I realize I am not the only person unemployed. Based on recent numbers, I think about 8.8% of the able-to-work US population is unemployed. I am doing everything I can to not be in this category for too long. There are a lot of jobs out there. Fortunately for me, I have seen several that I think I would love. Also fortunately for me I have this incredible network of friends and colleagues who have been so wonderfully supportive of me. It is truly unbelievable.

I have tweaked my resume so many times. I try to not send the same resume to every place I am applying to. I am getting pretty good at writing a cover letter. One page, maybe two. I have the job posting in front of me while I write the cover letter and that seems to help my creative writing, which is a struggle at best.

Then I get an email or a call from someone who has received my application materials. They call me Daniel as I use my formal name with the resume. So far each one of them has been kind and respectful, and we both have laughed at some point of the conversation.

I also get many calls and emails from people I love and people I barely know telling me that they are there, that they will do anything for me and that I will land something quickly. I'm not sure how quickly I will find a new job. I don't want a rebound job. I want a job that I will love with a company or non-profit whose mission or product I can get behind. I want a job that will honor my ethics and loyalty, and one that will pay me well and honor my personal life with a good vacation package.Definitely not too much to hope for.

I know it's out there.

Thank you for reading. My personal email that I am using for my job search is fundraisingdan@gmail.com

Wednesday, January 16, 2013

Unemployed: The Job Search

I decided to keep writing blog posts while I am unemployed. This helps me keep people updated and hopefully it will help others who have recently been laid off.

It is day 6 of being unemployed.

Before I get to the job search part, I want to write about other actions I have taken during my so far brief unemployment.

As soon as I was told I was being laid off I applied for unemployment. I am not sure how this works in other states or if it is the same everywhere. The process to me was easy and took only about ten minutes, online. All the information needed I already knew, so there was no need for paperwork or collecting items needed to fill out the information.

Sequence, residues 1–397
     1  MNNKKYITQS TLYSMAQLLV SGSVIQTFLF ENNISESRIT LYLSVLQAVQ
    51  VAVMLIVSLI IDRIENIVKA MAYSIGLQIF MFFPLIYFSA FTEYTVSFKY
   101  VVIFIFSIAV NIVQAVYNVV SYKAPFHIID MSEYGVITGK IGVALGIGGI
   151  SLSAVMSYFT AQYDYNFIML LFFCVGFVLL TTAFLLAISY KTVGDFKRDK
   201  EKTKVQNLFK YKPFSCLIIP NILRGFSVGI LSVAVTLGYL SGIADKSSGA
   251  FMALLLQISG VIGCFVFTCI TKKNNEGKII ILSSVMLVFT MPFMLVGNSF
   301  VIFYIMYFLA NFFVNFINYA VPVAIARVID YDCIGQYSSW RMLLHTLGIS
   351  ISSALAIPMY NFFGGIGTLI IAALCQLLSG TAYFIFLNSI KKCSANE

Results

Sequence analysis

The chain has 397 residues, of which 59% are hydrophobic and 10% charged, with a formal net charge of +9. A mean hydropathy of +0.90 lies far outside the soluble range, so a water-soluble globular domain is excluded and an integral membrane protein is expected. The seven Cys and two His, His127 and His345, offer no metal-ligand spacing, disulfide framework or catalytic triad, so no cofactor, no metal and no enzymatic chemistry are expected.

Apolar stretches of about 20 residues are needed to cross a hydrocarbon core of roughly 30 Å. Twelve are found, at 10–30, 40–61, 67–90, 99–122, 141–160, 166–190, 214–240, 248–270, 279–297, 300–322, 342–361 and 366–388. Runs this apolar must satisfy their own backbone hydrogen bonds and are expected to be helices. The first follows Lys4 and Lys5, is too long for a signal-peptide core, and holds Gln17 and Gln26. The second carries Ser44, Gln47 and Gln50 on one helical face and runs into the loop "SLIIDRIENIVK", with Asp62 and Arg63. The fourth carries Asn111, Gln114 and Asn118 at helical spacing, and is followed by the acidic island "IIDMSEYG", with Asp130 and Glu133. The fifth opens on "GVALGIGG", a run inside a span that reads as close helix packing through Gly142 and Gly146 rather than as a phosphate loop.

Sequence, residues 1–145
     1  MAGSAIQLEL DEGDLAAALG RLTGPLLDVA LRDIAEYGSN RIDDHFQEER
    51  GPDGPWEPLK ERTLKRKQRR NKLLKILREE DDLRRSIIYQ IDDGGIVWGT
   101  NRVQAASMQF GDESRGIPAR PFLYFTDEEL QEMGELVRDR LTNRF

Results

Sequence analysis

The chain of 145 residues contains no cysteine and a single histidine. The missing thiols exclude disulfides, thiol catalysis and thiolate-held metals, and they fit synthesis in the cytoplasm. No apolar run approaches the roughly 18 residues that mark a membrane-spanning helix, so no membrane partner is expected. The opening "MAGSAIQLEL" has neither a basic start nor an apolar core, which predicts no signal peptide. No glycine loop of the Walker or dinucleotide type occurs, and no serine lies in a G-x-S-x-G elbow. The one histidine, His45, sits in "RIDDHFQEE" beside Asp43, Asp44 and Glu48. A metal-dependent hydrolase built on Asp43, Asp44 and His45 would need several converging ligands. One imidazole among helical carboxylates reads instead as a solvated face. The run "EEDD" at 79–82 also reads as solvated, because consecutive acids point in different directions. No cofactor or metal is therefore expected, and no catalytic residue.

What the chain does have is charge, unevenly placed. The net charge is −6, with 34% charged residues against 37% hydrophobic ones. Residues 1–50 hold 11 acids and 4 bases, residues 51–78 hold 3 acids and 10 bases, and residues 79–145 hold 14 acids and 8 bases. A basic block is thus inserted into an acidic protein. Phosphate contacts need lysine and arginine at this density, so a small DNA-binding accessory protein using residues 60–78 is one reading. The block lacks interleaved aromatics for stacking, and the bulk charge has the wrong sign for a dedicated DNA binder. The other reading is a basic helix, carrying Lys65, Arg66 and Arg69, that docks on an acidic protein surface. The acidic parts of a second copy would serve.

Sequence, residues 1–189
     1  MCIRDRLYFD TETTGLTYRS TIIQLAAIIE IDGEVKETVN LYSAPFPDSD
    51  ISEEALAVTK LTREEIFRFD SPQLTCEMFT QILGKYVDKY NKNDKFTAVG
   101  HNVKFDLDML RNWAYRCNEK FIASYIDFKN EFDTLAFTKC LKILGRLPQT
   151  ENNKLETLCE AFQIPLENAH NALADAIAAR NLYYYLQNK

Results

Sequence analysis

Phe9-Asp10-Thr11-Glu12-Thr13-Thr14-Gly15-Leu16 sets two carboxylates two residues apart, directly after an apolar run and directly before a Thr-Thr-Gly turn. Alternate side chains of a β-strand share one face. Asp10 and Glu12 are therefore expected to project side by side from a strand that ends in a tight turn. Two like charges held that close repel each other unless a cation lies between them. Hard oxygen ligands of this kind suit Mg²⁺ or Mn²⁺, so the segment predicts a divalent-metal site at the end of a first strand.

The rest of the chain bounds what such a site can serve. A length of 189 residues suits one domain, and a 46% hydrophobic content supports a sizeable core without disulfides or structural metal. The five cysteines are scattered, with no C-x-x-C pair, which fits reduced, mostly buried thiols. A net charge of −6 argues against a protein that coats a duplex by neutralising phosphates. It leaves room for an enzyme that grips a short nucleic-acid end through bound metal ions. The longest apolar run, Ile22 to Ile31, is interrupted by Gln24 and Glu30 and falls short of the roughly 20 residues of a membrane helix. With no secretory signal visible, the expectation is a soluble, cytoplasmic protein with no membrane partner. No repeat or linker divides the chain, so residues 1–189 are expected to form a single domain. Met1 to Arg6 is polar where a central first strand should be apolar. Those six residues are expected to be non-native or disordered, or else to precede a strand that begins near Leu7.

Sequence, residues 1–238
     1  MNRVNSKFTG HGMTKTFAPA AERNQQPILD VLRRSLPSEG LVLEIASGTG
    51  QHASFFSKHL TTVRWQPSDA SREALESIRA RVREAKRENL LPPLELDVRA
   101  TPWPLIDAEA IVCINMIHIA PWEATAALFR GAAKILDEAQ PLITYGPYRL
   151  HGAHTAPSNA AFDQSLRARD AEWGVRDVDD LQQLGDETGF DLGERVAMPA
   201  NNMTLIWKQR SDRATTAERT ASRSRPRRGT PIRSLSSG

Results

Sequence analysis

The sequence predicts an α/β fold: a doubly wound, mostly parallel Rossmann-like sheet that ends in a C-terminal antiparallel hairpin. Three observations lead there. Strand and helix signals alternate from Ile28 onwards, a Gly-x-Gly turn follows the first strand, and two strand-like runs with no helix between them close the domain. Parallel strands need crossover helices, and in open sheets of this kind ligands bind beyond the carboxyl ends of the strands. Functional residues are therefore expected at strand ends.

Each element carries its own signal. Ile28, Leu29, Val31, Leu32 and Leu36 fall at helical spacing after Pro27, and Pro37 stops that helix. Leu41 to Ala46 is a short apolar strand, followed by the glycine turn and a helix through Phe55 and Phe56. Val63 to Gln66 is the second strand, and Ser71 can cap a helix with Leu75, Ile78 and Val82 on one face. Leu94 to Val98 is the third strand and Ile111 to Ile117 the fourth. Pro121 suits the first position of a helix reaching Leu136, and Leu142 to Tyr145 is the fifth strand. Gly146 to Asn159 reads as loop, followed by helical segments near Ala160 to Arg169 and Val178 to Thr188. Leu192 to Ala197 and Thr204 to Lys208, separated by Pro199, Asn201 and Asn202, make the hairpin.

I'm not sure how the process works from here. On Monday I got a PIN number that allowed me to go online and enter bank information so that my unemployment can be put directly into our account. I also got some information about education opportunities. I printed a calendar of reminder dates for when I need to apply for benefits, which is every two weeks. I'm not sure how that works but assume that includes where I have looked for a job, etc. In addition to unemployment, I also signed up on the Colorado work website, which I think is another thing you need to do in the unemployment process.

The day after I was laid off I went to the local job center. This one is the Jefferson County Work Center, in Golden. Easy to find. The woman who greeted me, if you can call it that, had no interest in me at all. She did, however, refer me to a gentleman in the other room who was very friendly and helpful. He pointed me to a list of jobs on the other side of the room and offered the use of a computer to aid in my job search. I checked out the job listing, which is the same as is online.

As the friendly gentleman told me, everything that is at this work center I can see online. The big deal for the center is that it offers online access for those who don't have it at home.

As this is the first time I have been unemployed and been part of this world I had never been to a job center or work center. I honestly was disappointed. My expectations were way too high. If I ran the place everyone who entered would feel honored and supported. I didn't feel that at all, except for the friendly gentleman.

I have now sent in nine resume/job packages and have had two interviews. I do searches on the Colorado Nonprofit website, Andrew Hudson's Job List, LinkedIn job postings and google searches for fundraising jobs around the country. And I have to keep repeating how grateful I am for all of the job leads and calls and emails of support. Thank you.